The human papillomavirus vaccination is nearly 100 percent effective in preventing pre-cancers and noninvasive cervical cancers caused by two strains of the virus, but most parents in Kentucky and the nation are still not getting their adolescents vaccinated.
HPV is a group of more than 150 related viruses, which together are the most common sexually transmitted infections in the U.S.
An estimated 79 million Americans are infected with HPV and about 14 million more become infected each year, according to the federal Centers for Disease Control and Prevention. And while most HPV strains cause no symptoms and go away on their own, 10 percent of HPV infections lead to cancers of the cervix, vagina, vulva, penis, anus and throat.
The HPV vaccination was approved by the federal government 10 years ago and is recommended for all adolescent girls and boys 11 and 12 years old. Nationwide, fewer than half of girls and only one-fifth of boys are getting immunized.
Kentucky falls in the bottom 10 states for HPV vaccinations, with 37.5 percent of its girls and 13.3 percent of boys aged 13 to 17 vaccinated as of 2014.
The vaccine can be given to females as old as 26 and males as old as 21, but early vaccination is important. The vaccine is less effective if a person has already been exposed to the virus, because it works to prevent HPV before exposure, and not to treat existing HPV infections or associated diseases. Vaccinating adolescents better protects them before they are likely to become sexually active and exposed to the virus.
And therein lies the key reason health experts say most parents don’t get their children vaccinated and health providers are hesitant to push this potentially life-saving vaccine: It has to do with sex, Michael Ollove reports for Stateline.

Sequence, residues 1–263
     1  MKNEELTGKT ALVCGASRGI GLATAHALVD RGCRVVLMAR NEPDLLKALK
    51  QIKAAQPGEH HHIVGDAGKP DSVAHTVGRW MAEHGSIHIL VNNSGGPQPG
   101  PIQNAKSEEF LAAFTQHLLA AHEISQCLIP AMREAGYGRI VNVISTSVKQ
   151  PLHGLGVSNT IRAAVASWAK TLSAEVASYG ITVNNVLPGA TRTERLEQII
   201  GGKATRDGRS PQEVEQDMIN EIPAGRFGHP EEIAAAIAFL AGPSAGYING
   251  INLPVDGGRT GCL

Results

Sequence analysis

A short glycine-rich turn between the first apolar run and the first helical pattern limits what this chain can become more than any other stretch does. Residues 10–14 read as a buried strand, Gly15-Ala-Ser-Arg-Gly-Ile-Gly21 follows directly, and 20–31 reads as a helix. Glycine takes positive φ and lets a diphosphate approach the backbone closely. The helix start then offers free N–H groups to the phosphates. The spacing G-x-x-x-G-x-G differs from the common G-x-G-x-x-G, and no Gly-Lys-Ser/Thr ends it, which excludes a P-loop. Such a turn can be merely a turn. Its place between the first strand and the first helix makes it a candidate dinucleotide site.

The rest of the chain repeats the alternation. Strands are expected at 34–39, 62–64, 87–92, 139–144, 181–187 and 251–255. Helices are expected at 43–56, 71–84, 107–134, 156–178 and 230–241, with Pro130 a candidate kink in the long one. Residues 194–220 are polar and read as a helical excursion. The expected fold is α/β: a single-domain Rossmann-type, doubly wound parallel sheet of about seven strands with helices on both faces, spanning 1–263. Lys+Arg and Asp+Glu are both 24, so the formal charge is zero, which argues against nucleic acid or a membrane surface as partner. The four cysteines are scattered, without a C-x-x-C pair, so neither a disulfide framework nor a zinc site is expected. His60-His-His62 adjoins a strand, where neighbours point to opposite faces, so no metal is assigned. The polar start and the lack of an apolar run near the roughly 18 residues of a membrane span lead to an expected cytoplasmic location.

But guess what? Almost 42 percent of Kentucky’s high-school students say they have had sexual intercourse, and almost onethird of them say they are currently sexually active, according to the 2015 Kentucky Youth Risk Behavior Survey. And, almost 10 percent of the state’s middleschool students say they have had sex.
Opponents of the vaccine being given to adolescents argue that it encourages them to engage in sex because it removes the fear of contracting HPV, but at least one study shows no increase in sexual activity in girls who have been immunized, Ollove reports.
Health officials often lament that the vaccine wasn’t originally sold to the public as an anti-cancer vaccine rather than one to prevent a sexually transmitted disease, Ollove reports.
“It should have been pushed out as an anti-cancer drug,” Walt Orenstein, a professor of medicine at Emory University and the former director of the National Immunization Program at the CDC, told Ollove. “People didn’t understand why their children needed this drug when they were still years away from being sexually active.”
Ollove notes other reasons for low vaccination rates: Health-care providers often don’t stress the importance of the vaccine; many don’t promote the vaccine because they aren’t comfortable talking about sex with their young patients or their parents; and many providers feel the vaccine is not urgent because most adolescents in middle school are not sexually active. Another barrier is that the HPV vaccine requires three inoculations over several months; the CDC shows a dramatic drop-off between the first and last doses.
Citing Noel Brewer, who does research on immunizations at the University of North Carolina and has studied parental and provider attitudes toward HPV, Ollove writes, “Contrary to what doctors may believe, parents are interested in the vaccine and a strong recommendation from a physician correlates highly with youngsters getting the full course of vaccinations.”
Ollove notes that mandatory HPV immunizations have not proven to be successful. “Mandates are a last resort after you’ve built consensus that they are a good thing to do,” Orenstein told him.
Health policy researchers say that “reminder and recall” notices are the best way to keep patients up to date on vaccinations, and yet this is not a common practice, Ollove reports.
Insurance will cover the cost of the HPV vaccine and the Vaccines for Children Program will cover the vaccine at no cost for children who don’t have insurance and are younger than 19. Call 800-232-4636 for more details.
Kentucky Health News is an independent news service of the Institute for Rural Journalism and Community Issues, based in the School of Journalism and Media at the University of Kentucky, with support from the Foundation for a Healthy Kentucky.